Recently I finally have gotten around to reading something that has been on my “to read” list for a long time. Franz Kafka’s Metamorphosis. A fascinating short story about a man who becomes a bug. However, there is something about the story that has gotten stuck in my head. The main character Gregory, and his family rely heavily on societal expectations and pleasing them. Gregory’s very first thought upon turning into a bug is that he is late for work. He near kills himself to try and go to work, despite turning into a giant beetle, for fear of being fired from his job even though he has never been late in years of working. His family hides Gregory away as a shameful thing. To make up for the lack of his income, they all get jobs and rent a room out of the house to make money. They go to insane lengths to please the renters of the room. Meanwhile, Gregory hides away and makes a great effort not to upset his family despite being mistreated and dying. He places the needs of others so far above himself that he dies not to upset it. His family only grow contempt for Gregory and wanted to get rid of him near the end. They decide that Gregory has no intelligence from his formal life because they never try to look and Gregory never tried to show it. In the end, Gregory dies alone, and the family gets a happy ending, calling out of work for the first time, kicking out the renters, and firing the rude maid. They realize they can do what they want with their lives and have an open future ahead of them.
So why is this story so stuck in my head? Gregory dies alone with his family seeing him as nothing but a giant insect with no intelligence. This is depressing alone but it’s Gregory’s nature that hits me. I used to be a lot like him. Haveing so little self-worth that any action was taken by the people around me always held more value than myself. I was prepared to die alone in my room trying to cause as little trouble to others as possible. Perhaps like Gregory, I saw myself as an insect. I would live and die a short life avoiding the lives of others.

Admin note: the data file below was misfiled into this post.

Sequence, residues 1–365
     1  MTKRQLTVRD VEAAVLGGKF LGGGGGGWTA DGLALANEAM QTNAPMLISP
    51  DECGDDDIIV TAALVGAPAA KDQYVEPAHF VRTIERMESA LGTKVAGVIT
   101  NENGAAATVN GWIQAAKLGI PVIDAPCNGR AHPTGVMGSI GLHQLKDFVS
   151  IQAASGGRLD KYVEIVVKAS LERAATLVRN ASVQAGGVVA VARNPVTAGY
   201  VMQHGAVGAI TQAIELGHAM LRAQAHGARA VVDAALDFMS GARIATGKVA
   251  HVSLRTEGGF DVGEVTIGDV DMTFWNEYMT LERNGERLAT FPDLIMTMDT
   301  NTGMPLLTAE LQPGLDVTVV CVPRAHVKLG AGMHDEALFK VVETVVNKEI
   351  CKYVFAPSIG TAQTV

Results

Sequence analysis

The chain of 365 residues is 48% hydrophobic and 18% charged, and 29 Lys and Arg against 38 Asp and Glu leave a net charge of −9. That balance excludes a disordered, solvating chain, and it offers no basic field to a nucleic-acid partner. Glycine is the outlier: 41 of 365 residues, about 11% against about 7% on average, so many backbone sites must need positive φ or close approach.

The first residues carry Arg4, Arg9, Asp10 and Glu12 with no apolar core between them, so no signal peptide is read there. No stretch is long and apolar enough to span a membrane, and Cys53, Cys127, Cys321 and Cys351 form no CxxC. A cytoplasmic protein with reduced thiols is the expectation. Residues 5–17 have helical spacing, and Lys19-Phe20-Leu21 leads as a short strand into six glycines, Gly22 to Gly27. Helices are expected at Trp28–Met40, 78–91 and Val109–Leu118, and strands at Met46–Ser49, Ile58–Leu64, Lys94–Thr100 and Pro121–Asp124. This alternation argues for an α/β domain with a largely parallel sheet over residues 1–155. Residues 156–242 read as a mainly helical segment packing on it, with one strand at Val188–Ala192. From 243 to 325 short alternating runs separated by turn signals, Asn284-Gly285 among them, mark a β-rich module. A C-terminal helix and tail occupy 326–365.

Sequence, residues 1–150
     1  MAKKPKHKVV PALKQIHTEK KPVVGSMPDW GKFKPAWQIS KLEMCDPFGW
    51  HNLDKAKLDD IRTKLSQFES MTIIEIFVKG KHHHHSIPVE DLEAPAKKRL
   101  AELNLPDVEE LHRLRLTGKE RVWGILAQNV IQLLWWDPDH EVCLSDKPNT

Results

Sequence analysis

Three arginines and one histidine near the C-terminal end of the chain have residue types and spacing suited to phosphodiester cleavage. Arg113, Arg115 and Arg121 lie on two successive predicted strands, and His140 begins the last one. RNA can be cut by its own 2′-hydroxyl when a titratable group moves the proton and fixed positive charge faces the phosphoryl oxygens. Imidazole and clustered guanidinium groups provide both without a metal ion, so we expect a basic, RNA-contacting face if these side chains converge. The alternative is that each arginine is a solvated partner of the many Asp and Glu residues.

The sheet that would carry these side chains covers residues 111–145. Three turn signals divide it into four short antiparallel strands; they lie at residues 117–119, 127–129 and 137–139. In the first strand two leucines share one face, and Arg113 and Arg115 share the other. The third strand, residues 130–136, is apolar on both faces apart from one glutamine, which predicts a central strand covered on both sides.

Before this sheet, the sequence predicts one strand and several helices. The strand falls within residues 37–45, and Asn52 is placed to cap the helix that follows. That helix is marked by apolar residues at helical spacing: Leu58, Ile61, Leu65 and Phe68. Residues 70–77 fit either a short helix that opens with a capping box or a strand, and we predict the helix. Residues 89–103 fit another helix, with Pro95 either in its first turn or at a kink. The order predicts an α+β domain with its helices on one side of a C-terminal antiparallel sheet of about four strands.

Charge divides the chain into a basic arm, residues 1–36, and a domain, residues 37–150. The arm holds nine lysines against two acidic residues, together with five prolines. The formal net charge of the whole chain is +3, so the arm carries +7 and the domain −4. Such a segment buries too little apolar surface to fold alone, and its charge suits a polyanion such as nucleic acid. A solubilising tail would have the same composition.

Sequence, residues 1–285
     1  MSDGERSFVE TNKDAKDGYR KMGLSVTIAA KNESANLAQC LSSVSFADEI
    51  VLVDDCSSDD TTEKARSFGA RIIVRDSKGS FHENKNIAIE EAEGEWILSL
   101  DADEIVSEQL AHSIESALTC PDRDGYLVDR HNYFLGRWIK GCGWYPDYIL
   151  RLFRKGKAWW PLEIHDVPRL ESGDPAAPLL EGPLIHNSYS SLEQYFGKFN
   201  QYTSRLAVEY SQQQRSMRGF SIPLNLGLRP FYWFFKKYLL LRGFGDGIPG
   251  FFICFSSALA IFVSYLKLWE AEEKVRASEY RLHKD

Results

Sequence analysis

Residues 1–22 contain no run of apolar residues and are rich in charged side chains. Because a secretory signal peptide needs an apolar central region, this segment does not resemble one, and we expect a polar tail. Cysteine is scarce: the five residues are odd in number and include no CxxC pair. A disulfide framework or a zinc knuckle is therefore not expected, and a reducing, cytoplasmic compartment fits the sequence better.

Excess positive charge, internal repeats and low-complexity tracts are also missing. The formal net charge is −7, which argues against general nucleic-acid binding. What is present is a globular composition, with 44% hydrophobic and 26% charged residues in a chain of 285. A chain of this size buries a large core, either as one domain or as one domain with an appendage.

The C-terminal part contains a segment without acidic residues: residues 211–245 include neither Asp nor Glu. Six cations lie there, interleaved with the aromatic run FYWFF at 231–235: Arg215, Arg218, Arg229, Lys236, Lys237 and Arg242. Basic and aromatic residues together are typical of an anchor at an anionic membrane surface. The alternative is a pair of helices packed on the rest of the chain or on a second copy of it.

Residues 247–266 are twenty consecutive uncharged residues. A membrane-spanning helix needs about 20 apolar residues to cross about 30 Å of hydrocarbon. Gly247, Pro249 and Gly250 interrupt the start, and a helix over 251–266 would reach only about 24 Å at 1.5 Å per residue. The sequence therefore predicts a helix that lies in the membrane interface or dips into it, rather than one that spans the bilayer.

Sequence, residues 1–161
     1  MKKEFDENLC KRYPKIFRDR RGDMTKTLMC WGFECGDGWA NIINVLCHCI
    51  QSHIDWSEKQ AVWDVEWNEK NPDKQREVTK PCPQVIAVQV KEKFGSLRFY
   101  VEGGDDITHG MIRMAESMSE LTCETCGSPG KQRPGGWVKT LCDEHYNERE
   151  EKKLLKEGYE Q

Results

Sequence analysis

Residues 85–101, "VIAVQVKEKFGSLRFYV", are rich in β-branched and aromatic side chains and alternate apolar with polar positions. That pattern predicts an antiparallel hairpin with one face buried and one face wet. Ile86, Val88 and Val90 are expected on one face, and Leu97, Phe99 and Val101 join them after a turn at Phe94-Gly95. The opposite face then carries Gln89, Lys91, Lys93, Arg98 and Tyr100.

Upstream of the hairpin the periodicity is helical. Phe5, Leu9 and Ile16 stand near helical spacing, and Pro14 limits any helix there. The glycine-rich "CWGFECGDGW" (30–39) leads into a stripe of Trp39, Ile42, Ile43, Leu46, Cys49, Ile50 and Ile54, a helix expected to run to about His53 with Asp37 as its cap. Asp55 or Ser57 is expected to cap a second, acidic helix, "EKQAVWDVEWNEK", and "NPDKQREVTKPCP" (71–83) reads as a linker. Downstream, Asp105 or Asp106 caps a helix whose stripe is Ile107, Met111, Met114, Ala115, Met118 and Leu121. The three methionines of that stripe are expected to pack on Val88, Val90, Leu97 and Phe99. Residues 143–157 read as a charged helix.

Self-worth is just so very important to a healthy life. Somewhere along my life I never learned it, and have been trying ever since. If you don’t have the confidence to take a single sick day from work, to take care of yourself then you are barely living. It’s okay to be selfish, your existence is important enough that you can slightly burden others.
PS. I like to thank my brother for letting me rant about Kafka for a night.
An old story that I have told many times now. I stay up late, it is my birthday, and am lost in my head. I’ve said this before, but I think it is important to say, again and again, I did not expect to live this long. I am almost thirty, I truely believed without a doubt in my mind that I would be dead by now. In that respect, every moment I still exist exceeds my childhood expectations for me.
I grow older, but in many ways, I am still a child. I suppose I am not unique in this. We are all still learning, and growing and changing as people. The change is so much more subtle than I thought as a child. Depressed, happy, thoughtful it is all still me. As a teenager, you strive to be unique and even I often wondered who I would be without my depression. While my depression may never go away completely, I have learned to manage it better and better. I understand now that am still me, no matter how I change.
A New Years toast to all of the outcasts and misfits. A toast to the mentally ill and the grieving. To my friends and family. It may not seem like much, another year passing, but surviving year to year is an accomplishment you should be proud of.
The holidays never seem easy. Nights grow longer and colder and so does my heart. I want to sleep…I never want to wake up from my dreams. As I lay in bed, loneliness and depression fall over me like a blanket. I’ve wasted nights like this.
Still, I must wake up eventually. No matter how much time I waste I still get up because am still breathing. Am still alive so I will continue to wake up. I will seek out the small moments that keep me alive. An interesting boo, a night in an empty movie theater, a cold dark drive on empty roads, or a hug from my sister who I haven’t seen in a while. Such moments are what keep me still breathing.